Her other play To Dig or Not to Dig is one of four ten-minute plays featured in this year’s Taking It To The Streets series of pay-what-you-can outdoor performances. Catch a performance July 24-27 at the Beaverbrook Art Gallery Courtyard beginning at 7:30 p.m.

Murder Mondays by Julianne Richard | Directed by Jake Martin | Featuring Rose Messenger, Brenna Gauthier, Alex Fullerton and Jason McIntyre.

To Dig or Not to Dig by Julianne Richard | Directed by Armin Panjwani | Featuring Rebecca Tremblay and Adrian Saliendra. 

A Q&A with playwright Kaitlyn Adair

Photo by Claire Fraser

Kaitlyn Adair is a Fredericton based writer, director and performer. She has written several short films including Oculus, Together We Move, and March 2.4 which won Excellence in Screenwriting at Silver Wave Film Festival. I Hope you Can See the Birds is her first project as a playwright which was hatched during the Notable Acts Incubator Program and had a showcase reading at the Fall Festival of New Plays with Theatre New Brunswick in 2021. Kaitlyn has a love of surrealism and highlighting underrepresented voices in the visual arts.

Let’s learn more.

Can you take us through the life of this play so far? When did you start writing it? 

I started writing this play two years ago. I spent the first months imagining the world of this play from various images I pulled from real life. The pen to paper writing began with an incubator program last year hosted by Anthony Bryan with Notable acts. Then it was accepted to the Fall Festival of New Plays with Theatre New Brunswick for a week of workshopping and a play reading. I then revisited and fine tuned the play during the writing rooms again hosted by Anthony Bryan.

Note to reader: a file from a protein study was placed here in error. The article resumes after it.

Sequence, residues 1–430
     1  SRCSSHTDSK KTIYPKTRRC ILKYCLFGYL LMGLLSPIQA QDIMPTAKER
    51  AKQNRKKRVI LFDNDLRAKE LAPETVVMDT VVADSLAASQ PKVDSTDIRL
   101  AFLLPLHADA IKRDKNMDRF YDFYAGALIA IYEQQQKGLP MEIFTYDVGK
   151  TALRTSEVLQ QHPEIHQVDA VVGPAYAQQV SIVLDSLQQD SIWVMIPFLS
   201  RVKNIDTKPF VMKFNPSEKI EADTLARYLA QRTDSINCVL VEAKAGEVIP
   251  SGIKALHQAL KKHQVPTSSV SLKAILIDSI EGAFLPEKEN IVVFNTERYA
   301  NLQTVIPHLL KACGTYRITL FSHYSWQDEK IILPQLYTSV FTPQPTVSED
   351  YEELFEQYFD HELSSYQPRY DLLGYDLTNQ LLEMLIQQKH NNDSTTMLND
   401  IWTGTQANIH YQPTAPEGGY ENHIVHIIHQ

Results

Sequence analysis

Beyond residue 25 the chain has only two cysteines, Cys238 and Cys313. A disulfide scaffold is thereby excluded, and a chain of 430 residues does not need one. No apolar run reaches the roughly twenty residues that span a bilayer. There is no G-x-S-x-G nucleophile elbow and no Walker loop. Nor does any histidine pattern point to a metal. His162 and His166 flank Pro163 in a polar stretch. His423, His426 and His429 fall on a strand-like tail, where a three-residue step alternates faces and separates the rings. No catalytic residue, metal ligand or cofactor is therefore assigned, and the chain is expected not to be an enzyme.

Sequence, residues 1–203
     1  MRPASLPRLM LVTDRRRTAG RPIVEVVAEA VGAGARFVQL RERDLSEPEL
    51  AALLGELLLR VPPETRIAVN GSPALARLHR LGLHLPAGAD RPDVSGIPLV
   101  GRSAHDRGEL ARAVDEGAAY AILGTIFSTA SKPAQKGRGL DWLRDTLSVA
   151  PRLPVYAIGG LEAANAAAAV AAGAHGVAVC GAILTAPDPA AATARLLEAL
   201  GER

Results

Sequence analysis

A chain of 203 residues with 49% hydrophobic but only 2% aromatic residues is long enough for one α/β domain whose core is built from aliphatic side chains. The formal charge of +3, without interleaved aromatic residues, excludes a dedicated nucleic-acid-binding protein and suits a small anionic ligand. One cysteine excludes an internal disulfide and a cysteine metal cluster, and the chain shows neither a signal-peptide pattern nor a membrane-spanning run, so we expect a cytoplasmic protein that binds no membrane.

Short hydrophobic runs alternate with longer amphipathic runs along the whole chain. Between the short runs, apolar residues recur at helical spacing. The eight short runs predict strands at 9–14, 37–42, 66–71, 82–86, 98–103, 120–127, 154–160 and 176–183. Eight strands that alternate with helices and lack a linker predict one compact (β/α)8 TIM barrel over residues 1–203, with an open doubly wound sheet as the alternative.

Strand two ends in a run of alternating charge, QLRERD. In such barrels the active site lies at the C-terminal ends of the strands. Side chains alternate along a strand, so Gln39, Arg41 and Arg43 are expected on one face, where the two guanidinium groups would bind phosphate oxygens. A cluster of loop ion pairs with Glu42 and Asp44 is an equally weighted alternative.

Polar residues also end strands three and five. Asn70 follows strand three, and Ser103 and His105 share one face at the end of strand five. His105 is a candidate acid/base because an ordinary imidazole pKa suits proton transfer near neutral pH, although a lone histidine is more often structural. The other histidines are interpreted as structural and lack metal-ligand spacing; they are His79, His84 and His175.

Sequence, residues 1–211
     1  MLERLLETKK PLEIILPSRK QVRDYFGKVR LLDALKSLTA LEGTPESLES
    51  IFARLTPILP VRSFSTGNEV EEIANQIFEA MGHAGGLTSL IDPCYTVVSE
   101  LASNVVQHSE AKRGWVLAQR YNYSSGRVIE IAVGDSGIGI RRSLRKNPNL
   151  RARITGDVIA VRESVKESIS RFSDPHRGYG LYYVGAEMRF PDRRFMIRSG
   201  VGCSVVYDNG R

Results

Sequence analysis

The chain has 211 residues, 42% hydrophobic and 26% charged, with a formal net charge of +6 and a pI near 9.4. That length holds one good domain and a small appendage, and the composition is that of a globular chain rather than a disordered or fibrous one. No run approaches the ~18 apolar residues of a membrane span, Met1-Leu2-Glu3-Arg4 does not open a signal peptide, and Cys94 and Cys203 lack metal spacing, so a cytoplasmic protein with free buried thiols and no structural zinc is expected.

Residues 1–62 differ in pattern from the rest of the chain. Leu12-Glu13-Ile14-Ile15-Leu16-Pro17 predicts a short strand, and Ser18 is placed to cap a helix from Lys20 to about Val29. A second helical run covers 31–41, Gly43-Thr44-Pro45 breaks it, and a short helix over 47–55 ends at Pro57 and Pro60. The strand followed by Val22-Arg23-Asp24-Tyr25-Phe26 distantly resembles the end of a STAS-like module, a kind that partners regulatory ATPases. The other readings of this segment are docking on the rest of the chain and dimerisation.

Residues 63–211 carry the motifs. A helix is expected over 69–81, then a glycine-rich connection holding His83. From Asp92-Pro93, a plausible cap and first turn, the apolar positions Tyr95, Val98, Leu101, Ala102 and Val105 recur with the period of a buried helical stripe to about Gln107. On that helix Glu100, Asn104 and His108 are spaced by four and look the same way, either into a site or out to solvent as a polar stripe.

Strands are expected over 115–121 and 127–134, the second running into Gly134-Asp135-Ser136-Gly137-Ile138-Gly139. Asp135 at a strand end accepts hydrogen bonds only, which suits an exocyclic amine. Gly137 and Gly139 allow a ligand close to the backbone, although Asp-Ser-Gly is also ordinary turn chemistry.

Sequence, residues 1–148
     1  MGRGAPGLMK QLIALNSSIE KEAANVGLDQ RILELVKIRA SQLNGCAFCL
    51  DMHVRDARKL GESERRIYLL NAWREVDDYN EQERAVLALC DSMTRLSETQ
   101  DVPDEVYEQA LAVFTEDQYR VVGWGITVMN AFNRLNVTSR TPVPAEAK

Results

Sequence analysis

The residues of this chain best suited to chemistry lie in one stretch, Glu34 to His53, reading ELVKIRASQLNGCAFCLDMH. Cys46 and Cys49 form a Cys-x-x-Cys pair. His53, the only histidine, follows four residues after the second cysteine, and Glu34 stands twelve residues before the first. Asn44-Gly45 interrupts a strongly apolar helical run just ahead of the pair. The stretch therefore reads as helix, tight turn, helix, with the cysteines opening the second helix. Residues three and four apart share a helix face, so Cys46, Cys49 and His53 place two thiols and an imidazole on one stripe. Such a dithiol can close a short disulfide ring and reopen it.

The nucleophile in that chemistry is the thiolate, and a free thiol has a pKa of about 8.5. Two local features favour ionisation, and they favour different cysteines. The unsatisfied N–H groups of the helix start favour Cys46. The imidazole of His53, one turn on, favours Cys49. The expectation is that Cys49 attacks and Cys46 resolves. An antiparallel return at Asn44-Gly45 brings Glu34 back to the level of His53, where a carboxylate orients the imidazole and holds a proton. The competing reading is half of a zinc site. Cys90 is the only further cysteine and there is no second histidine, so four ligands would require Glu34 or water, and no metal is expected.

What type of development/dramaturg opportunities were you able to access in creating I Hope You Can See The Birds?

Well it’s had two goes with formal dramaturgy. The first was with TNB through the Fall Festival in 2021. I worked with Eric Coates, Jena McLean and a cast of actors for a week on really refining the arch of the story. A bulk of the play as it is today was written during that week. Through notable acts I worked with Matthew Heiti through phone calls and drafts sent back and forth. This was where a lot of refinement happened to the story. I think it’s important to mention the informal mentorship that went into this piece from other theatre artists. Anthony Bryan was crucial in creating space for this work to come to life and for writing/new play development as a whole. I also worked closely in early stages of development with Esther Soucoup who helped me discover the critical why of the play while evaluating story/character arcs. 

If you had to describe your play in one minute or less, how would you describe it to a potential audience member?

I Hope You Can See the Birds is a love letter to my grandfather. It’s a surrealist exploration about a man coming to terms with his own mortality while facing the greatest loss of his life, bringing his wife of 65 years to a nursing home.  The play centres around Bryan, a senior in the hospital after a near fatal heart attack, who is refusing life saving treatment without explanation as to why. With his daughter and granddaughter trying to get to the bottom of things by his side, Bryan experiences the comforting allure of death through visions of a hummingbird at his bedside. Ultimately, Bryan must make the choice to answer the call of the hummingbird or have the test his family wants him to take. More than anything this play is about love. It’s beauty, it’s hardships, and how hard we sometimes hold onto it. 

Kaitlyn’s play will be performed as a double bill (w/ Murder Mondays) from July 28-30, 7:30 p.m., nightly, at Memorial Hall, UNB (9 Bailey Drive). Tickets available at the door for 15$ regular, 10$ senior/student/underwaged.

I Hope You Can See The Birds by Kaitlyn Adair | Directed by Alex Rioux | Featuring John Macaulay, Dani Brun, Circe Cain, Julie MacDonald, and Devin Rockwell.